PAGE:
Focarelli was later jailed for 19 months with a 14-month non-parole period after pleading guilty in the District Court to possessing a firearm without a licence and one count of ­possessing a controlled drug.

A $200,000 reward is still available for anyone who provides information leading to a conviction over Giovanni’s murder.

Focarelli last year said he had reformed since embracing Islam and becoming a Muslim.

“I have completely distanced myself in all aspects of that life,” he said.

“I played my part and I received as much in return. I’m a human being and regardless of whatever I’ve done in the past, everyone makes mistakes.”

A senior detective involved in organised crime and gang-related investigations welcomed the move to deport Focarelli, saying that despite his vow that he had reformed, he remained a risk to the community because of his violent past.

Vince Focarelli leaves District Court in a corrections van.

“There are still several ­people in Adelaide’s criminal community who would prefer Vince was dead. He still has enemies and possesses valuable information on the criminal activities of many, many individuals,’’ the detective said.

“For instance, he knows who murdered his son and could provide a statement if he chose that would in all likelihood see them convicted of murder. That person knows this and will always be fearful of this, of Vince turning.’’

A long history of violence

2006: Vince Focarelli is a nominee for the Hells Angels, but falls out with his sponsor, Danny Papadopoulos.

2007: Focarelli starts the New Boys street gang, comprised mainly of petty criminals of Middle Eastern background. Involved in low-level drug dealing, the gang is based in Focarelli’s Hindley St tattoo studio. Over the next five years there are numerous violent and bloody clashes with rival Hells Angels members, until many of the New Boys turn to the Comancheros. The Comancheros finally turn on Focarelli, stripping him of their colours.

2010: Focarelli survives an attempted assassination attempt when a bomb being delivered by two Hells Angels associates to his Enfield house explodes in their car.

2010: Focarelli’s eldest son, Giovanni, is stabbed in the chest and stomach outside his father’s Hindley St tattoo parlour.

2010: Focarelli is confronted inside a Sefton Park supermarket by an armed man who levels a
gun at him but does not have time to fire before he flees through a rear storeroom door. The would-be shooter is a Hells Angels associate.

2011: Focarelli is shot in the leg after being ambushed by four armed men at Munno Para. He is found hiding in the backyard of a house by police after he smashes through its front window to escape his would-be assassins.

2012: Shots are fired at Focarelli by a Comanchero rival in the carpark of the Findon Hotel on Grange Rd.

2012: Focarelli is shot four times and Giovanni is fatally wounded after they are lured to Dry Creek by a former member of the Descendants bikie gang.

2013: Focarelli is released from jail after serving 14 months on drug and firearm charges that relate to the Dry Creek incident which claimed the life of his son.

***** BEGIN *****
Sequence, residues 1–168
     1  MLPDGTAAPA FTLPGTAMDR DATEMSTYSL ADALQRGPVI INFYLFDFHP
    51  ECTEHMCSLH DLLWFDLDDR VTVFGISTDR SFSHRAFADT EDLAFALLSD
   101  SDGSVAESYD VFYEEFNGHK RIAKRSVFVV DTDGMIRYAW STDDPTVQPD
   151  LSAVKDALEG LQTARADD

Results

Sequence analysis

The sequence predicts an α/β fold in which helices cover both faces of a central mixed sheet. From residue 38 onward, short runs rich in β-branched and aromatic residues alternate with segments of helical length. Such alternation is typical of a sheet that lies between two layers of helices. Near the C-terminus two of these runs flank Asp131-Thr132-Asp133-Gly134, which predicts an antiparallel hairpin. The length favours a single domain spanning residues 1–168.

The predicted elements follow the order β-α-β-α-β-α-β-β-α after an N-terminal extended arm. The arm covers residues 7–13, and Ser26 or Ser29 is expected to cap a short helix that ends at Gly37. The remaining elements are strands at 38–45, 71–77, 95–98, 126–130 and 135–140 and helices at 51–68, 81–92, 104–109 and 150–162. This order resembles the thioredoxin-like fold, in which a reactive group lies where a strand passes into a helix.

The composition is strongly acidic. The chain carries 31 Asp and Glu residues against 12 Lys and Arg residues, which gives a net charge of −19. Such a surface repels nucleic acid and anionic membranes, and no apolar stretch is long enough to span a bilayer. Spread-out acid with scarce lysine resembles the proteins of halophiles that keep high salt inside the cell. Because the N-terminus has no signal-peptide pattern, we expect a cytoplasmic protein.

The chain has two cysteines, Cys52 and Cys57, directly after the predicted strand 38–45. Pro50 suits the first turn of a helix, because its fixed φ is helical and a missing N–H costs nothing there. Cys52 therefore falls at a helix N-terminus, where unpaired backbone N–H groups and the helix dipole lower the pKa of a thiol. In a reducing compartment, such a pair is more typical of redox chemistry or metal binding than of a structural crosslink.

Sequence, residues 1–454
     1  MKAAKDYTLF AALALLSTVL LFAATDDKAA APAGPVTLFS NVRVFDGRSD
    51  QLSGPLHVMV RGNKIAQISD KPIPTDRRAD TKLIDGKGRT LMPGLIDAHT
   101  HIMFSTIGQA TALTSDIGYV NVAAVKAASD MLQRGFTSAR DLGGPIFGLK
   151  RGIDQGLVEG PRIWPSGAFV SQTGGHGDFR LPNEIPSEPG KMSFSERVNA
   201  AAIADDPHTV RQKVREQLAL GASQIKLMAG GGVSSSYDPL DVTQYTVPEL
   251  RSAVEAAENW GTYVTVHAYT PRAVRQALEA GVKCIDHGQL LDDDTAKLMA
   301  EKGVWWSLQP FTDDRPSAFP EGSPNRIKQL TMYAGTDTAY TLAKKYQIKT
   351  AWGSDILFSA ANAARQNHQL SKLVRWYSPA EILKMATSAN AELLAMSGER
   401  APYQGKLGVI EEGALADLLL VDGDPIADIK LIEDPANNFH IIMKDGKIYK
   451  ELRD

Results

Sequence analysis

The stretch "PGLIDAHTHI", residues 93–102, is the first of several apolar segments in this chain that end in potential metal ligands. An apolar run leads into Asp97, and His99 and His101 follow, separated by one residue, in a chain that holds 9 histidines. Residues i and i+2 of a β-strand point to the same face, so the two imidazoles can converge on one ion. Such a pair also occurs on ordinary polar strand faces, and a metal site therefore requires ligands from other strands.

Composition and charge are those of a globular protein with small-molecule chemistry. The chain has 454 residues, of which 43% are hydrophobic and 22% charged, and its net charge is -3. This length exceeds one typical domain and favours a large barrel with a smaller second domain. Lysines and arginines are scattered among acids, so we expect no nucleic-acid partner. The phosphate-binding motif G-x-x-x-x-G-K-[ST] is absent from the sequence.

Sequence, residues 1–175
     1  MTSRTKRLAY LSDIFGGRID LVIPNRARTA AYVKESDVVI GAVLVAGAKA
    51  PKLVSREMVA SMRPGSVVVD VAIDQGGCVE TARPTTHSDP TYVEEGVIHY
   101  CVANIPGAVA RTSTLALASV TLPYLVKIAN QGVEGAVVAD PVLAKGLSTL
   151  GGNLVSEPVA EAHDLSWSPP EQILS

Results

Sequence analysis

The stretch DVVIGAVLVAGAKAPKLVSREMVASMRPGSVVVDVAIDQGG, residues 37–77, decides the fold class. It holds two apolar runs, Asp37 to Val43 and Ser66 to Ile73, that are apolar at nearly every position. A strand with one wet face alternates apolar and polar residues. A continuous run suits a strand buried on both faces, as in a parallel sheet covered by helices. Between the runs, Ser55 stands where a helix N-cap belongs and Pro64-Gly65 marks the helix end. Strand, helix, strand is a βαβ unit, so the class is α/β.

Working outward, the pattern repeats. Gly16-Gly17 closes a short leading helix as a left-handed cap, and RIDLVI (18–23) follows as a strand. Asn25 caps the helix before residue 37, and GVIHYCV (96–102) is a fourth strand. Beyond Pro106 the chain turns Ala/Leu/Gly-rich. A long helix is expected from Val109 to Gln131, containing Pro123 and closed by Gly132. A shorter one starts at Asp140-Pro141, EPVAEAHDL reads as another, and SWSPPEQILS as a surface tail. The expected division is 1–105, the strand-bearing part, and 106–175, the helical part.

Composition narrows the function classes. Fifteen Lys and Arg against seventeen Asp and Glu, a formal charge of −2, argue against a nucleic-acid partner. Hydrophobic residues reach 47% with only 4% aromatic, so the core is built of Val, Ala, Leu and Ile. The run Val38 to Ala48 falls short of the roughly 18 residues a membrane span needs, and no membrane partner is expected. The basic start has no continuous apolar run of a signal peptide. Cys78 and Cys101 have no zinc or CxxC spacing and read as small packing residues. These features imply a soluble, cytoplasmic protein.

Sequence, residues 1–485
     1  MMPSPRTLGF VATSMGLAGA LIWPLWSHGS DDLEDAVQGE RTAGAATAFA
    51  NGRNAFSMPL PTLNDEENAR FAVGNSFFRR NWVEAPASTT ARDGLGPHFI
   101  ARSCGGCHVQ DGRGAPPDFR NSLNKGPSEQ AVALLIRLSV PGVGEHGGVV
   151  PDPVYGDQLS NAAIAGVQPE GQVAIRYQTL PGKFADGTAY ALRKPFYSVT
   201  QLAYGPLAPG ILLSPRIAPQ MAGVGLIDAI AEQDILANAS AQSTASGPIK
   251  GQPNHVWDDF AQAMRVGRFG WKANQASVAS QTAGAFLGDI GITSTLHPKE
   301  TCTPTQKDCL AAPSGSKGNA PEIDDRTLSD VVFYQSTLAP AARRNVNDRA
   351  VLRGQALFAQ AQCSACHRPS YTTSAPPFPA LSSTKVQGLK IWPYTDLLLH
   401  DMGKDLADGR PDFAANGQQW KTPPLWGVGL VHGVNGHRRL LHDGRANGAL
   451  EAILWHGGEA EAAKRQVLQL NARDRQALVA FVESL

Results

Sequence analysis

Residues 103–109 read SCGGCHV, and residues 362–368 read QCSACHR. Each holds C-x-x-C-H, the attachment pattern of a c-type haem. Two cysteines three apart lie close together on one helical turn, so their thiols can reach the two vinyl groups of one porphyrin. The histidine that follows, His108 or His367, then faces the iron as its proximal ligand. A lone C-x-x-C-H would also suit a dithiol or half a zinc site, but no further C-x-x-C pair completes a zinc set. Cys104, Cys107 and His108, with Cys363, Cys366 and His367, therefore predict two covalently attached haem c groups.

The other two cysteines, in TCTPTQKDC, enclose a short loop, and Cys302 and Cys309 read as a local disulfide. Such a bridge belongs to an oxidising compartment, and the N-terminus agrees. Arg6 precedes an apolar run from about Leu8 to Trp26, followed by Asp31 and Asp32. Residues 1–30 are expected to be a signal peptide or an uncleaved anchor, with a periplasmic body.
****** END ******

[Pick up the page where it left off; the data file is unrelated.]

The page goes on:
2013: Focarelli and his youngest son Giuseppe, 20, are charged with aggravated assault and reckless driving offences. Prosecutors allege they bashed a man following a high-speed chase through the CBD. The alleged victim refuses to give evidence and prosecutors later withdraw all charges.

2016: Focarelli is awarded more than $15,000 in court costs following the withdrawal of the assault and driving charges.

2016: Focarelli opens a restaurant in Carrington St, city, vowing his life of crime is over following his decision to turn to Islam and become a Muslim.

2017: Focarelli is served with a “notice of intent” to cancel his visa and given 28 days to justify why he shouldn’t be deported.

Undesirables on the banishing list

Andrew Stevens

The treasurer of the Adelaide chapter of the Mongols bikie gang was forcibly placed on a chartered jet and flown to the Christmas Island detention centre last June. He immediately launched Federal Court proceedings to overturn the order. His matter is due to be heard in the High Court in April.

Paul Burgess

The former Adelaide Comanchero bikie was also deported in June last year. He remains on Christmas Island while he attempts to have his deportation overturned in the Federal Court.

Leonard Gjeka

The dangerous underworld figure was involved in many shooting incidents in Adelaide in the decade before his deportation in 2014. He unsuccessfully appealed against his order in the Federal Court and at one stage escaped from Villawood detention centre while awaiting a decision.

Alex Vella

The national president of the Rebels bikie gang was denied entry to Australia after a holiday to his native Malta in 2014. He has been the most high-profile bikie banished from Australia using Section 501. Despite repeated appeals, he failed to overturn the order.

Shane Martin

Shane Martin, the bikie father of AFL star Dustin Martin, was deported to his native New Zealand last year. His case has attracted considerable attention in the eastern states because of his Richmond footballer son. In January he lost his appeal to overturn the deportation order.

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News Article written by: 
Nigel Hunt
Source of News article: 
adelaidenow.com.au